Pricing Power

Looks like Buffet invested in Verisk Analytics, which is an organization that I am familiar with. Here is the real point:

Verisk is an American company that was founded in the 1970s by the major US property and casualty insurance companies. These companies collectively provided Verisk with their claims data in order to create a centralized database that would allow the industry to analyze risk better.

The analyst gets the point right but the names wrong. The Insurance Services Office (ISO) was created as an information mutual for the industry. It’s now a subsidiary of Verisk.

There’s no doubt Buffet’s onto something, though. This is a company with a gigantic ‘moat’, as he likes to call it.

ISO pulls off the confidence trick that I’ve seen before. They poll member companies for data, aggregate it and then sell it back to them. For quite a price, I’m told.

ISO data gives every insurance company a benchmark for claims costs and trends in various lines of business. It is literally the only way people have of guessing whether they can make a profit in a particular line of business if they aren’t currently in it.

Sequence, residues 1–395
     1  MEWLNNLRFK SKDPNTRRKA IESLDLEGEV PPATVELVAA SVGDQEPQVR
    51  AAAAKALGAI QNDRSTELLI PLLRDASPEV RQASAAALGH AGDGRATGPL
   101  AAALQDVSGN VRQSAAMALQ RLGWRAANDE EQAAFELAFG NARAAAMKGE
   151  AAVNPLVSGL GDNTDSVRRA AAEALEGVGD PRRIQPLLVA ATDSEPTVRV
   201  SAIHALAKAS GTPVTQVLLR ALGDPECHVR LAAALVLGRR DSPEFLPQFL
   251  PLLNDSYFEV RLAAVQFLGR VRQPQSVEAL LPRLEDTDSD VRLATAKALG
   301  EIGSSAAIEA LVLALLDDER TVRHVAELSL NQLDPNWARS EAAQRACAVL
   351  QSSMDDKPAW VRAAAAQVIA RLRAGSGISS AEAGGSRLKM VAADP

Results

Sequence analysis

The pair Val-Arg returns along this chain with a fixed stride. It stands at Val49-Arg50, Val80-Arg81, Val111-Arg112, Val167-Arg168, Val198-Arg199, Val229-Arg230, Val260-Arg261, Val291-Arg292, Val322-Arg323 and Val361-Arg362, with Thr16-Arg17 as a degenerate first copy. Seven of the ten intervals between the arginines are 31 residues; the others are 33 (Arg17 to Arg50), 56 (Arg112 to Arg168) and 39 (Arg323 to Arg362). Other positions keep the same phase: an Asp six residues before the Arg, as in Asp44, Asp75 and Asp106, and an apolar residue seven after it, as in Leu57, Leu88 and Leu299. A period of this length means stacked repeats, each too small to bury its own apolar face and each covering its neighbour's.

Imagine a mining company that pulls zinc out of the ground and is mulling over the possibility of opening up a copper mine next door. How would this company make this decision? Well, they’d probably check the pricing history for copper and see whether they think they can make money on it. They know their costs of production, but they don’t know the price.

Insurance companies don’t have this information. They literally do not know how much their policies cost up front, which means that they need intimate knowledge of a market before they can decide whether investing in new products is a good idea or not. ISO is the only way they can get this data out of their competitors’ hands.

I’ve often toyed with the idea of what it would take to start a company that would compete with ISO. The problem is that ISO benefits from gigantic network effects. Without any scale you’re just one insurance company’s data. And I know that the biggest insurance companies (like AIG) guard their data jealously, so you HAVE to rely on the little guys banding together.

What I’d need to identify is a blind spot for ISO. A line of business that they don’t serve very well and probably won’t start serving soon. I’m sure it exists. The other thing I’ve heard about ISO is that it’s an antiquated, backwards organization. Doesn’t surprise me. They’re practically the insurance government. What incentive do they have of serving someone well?


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